Synaptic transmission leads to the activation of a transcriptional program in the postsynaptic cell that is critical for long-lasting changes in synapse development and plasticity. A number of neurodevelopmental disorders have been linked to abnormalities in this activity-regulated transcriptional network, indicating that these signaling pathways are critical for cognitive development and function. For many years attention has been focused on identifying the proximal promoter regions of activity-regulated genes and on assessing activity- dependent gene function. During the previous funding period, we used genome-wide sequencing methods to discover thousands of neuronal activity-regulated distal enhancer elements that function in primary mouse cortical cultures, indicating that by focusing on proximal promoter elements we had failed to identify the vast majority of neuronal activity-responsive cis-regulatory elements. The discovery of activity-regulated enhancer is of significant interest because there is accumulating evidence implicating distal cis-regulatory elements in human disease. However, the basic mechanisms of stimulus-responsive enhancer function in neurons are not yet understood and we lack methods to rapidly and reversibly disrupt enhancer and promoter function so that the roles of these regulatory elements, and the genes they control, can be assessed. In the absence of such methods, it has been difficult to characterize the specific contributions of these gene regulatory mechanisms to neural development and plasticity. To begin to address these issues, we propose (1) to develop a generalizable approach to disrupt neuronal cis-regulatory element function, and (2) to use this new technology to test the importance of regulatory elements within the gene encoding Brain-derived neurotrophic factor (BDNF) for inhibitory circuit plasticity. Taken together, the proposed experiments will provide insight into regions of the genome that are not yet characterized but likely to have crucial functions during nervous system development and function. These studies will also lead to the development of new methods for the study of cis-regulatory elements, provide a better understanding of the mechanisms by which neural activity shapes the developing and mature nervous system, and yield new insights into the importance of activity-responsive cis- regulatory elements for human cognition and disease.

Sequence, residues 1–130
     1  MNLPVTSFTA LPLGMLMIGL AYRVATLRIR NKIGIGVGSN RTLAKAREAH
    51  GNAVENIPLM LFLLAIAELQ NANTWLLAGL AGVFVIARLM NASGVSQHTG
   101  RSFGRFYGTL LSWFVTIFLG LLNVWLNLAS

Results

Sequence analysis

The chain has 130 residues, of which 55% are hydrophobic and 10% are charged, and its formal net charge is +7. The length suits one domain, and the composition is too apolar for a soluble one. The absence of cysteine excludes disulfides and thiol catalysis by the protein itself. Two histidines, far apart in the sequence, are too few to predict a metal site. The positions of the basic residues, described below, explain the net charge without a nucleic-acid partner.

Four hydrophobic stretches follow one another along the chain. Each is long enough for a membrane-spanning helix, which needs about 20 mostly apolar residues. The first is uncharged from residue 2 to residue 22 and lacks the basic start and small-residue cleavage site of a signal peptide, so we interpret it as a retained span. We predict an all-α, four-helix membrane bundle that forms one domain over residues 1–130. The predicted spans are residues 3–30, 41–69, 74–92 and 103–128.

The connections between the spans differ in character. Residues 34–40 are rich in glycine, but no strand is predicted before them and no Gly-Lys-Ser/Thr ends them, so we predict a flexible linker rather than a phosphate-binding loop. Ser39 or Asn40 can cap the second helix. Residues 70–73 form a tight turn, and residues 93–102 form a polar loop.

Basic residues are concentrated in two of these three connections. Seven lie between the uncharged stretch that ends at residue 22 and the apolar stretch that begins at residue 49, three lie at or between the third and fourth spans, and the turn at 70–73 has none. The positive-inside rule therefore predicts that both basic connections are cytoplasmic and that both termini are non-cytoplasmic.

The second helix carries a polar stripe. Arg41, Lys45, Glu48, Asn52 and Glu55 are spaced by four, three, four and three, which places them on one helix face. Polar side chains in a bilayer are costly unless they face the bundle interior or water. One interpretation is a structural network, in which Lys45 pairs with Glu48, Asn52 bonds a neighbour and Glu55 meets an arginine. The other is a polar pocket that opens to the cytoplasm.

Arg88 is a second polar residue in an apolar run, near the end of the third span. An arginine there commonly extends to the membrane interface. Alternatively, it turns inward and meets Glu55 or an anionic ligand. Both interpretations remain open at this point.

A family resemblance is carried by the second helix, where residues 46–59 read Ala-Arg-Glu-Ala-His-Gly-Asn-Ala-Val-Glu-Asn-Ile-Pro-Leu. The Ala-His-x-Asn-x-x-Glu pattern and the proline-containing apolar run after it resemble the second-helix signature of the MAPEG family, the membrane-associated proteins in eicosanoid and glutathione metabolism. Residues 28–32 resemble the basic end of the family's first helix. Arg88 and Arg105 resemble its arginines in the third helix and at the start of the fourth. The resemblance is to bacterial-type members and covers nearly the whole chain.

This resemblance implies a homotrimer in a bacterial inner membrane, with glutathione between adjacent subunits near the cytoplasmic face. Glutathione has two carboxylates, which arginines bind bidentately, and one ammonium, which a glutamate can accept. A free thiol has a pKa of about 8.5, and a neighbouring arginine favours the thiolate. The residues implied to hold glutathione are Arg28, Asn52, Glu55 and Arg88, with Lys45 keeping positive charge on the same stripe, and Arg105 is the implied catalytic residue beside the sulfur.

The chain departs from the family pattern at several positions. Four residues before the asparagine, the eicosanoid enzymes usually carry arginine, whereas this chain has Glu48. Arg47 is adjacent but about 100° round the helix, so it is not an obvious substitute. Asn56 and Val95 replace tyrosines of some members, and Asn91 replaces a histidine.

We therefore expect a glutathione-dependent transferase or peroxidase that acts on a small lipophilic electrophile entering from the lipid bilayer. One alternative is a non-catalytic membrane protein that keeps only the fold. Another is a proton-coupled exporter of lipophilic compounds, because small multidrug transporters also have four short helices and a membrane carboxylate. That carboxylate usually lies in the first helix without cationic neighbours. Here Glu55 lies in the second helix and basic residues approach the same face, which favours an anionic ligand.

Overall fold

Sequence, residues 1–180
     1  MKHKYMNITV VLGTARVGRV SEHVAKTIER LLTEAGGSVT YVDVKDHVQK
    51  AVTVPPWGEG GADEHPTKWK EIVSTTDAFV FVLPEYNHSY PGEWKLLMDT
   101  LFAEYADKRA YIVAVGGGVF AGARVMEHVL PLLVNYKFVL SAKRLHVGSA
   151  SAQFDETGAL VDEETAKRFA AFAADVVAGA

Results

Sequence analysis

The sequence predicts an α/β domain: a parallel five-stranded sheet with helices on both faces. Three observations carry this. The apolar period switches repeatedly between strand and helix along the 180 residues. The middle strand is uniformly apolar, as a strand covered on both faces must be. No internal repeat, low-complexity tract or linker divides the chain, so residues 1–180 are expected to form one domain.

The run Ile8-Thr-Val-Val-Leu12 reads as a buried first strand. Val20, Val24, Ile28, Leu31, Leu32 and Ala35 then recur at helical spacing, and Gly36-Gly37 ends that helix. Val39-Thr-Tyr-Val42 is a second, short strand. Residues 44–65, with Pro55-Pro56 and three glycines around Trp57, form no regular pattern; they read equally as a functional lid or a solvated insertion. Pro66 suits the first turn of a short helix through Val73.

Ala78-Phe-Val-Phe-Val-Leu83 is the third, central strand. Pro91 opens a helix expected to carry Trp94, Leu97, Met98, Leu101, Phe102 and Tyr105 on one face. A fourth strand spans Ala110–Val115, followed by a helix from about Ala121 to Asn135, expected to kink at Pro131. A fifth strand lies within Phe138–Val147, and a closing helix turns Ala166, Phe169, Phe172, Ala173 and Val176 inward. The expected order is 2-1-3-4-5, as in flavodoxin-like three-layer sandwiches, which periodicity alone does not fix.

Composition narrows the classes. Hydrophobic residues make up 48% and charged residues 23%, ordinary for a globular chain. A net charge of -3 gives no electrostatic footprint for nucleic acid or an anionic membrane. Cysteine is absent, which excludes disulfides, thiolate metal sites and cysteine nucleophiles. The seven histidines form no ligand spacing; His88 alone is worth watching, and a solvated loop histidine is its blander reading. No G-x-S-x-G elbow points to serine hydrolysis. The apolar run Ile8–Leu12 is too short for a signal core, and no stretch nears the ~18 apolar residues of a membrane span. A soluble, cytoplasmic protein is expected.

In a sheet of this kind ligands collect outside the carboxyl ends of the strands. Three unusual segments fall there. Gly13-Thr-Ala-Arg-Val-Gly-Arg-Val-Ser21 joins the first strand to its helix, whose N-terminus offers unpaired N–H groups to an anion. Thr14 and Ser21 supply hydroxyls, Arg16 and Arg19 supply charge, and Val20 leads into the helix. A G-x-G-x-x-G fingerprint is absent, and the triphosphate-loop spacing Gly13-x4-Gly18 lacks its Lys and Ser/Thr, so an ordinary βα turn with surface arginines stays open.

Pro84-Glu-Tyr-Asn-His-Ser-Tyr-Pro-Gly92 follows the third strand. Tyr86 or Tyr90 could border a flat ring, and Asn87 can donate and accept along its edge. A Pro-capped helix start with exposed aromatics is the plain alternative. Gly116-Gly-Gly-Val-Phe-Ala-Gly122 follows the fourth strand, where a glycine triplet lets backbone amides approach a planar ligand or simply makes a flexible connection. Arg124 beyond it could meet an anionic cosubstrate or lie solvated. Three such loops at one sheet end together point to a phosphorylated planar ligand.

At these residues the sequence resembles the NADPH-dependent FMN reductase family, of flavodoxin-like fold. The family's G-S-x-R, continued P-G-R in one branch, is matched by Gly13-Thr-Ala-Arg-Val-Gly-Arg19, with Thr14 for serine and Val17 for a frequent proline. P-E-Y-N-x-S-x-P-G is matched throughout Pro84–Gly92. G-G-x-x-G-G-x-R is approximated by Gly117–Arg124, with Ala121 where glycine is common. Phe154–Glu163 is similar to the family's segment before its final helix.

Public Health Relevance

Neuronal activity triggers the expression of new genes, which play a critical role in aspects of neural development and human cognitive function. The proposed study will seek to develop new methods to explore the regulation and function of this gene expression program in the central nervous system.

Agency
National Institute of Health (NIH)
Institute
National Institute of Neurological Disorders and Stroke (NINDS)
Type
Method to Extend Research in Time (MERIT) Award (R37)
Project #
5R37NS028829-25
Application #
8617305
Study Section
Neurodifferentiation, Plasticity, and Regeneration Study Section (NDPR)
Program Officer
Mamounas, Laura
Project Start
1990-08-01
Project End
2017-02-28
Budget Start
2014-03-01
Budget End
2015-02-28
Support Year
25
Fiscal Year
2014
Total Cost
$1,148,567
Indirect Cost
$463,566
Name
Harvard University
Department
Biology
Type
Schools of Medicine
DUNS #
047006379
City
Boston
State
MA
Country
United States
Zip Code
02115
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Chen, Wen G; Chang, Qiang; Lin, Yingxi et al. (2003) Derepression of BDNF transcription involves calcium-dependent phosphorylation of MeCP2. Science 302:885-9
Chen, Wen G; West, Anne E; Tao, Xu et al. (2003) Upstream stimulatory factors are mediators of Ca2+-responsive transcription in neurons. J Neurosci 23:2572-81

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